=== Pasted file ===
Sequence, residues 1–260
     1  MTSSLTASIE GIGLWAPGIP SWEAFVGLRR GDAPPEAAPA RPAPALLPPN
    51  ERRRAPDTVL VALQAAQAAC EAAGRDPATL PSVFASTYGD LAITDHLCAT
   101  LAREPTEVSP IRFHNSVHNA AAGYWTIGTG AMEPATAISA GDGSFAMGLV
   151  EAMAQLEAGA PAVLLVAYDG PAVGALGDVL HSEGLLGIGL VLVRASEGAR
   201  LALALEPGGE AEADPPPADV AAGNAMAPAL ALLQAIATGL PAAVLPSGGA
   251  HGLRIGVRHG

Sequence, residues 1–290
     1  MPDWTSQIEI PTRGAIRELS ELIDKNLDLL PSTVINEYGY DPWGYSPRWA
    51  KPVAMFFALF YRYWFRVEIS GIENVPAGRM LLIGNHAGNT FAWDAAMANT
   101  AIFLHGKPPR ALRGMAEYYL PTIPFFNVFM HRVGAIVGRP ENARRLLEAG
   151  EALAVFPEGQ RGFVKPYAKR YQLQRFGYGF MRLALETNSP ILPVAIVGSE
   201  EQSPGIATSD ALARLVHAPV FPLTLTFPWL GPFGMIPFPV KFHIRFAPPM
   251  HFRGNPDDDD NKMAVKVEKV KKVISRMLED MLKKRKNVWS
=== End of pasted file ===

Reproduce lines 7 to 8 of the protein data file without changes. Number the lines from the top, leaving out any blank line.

   251  HGLRIGVRHG

Sequence, residues 1–290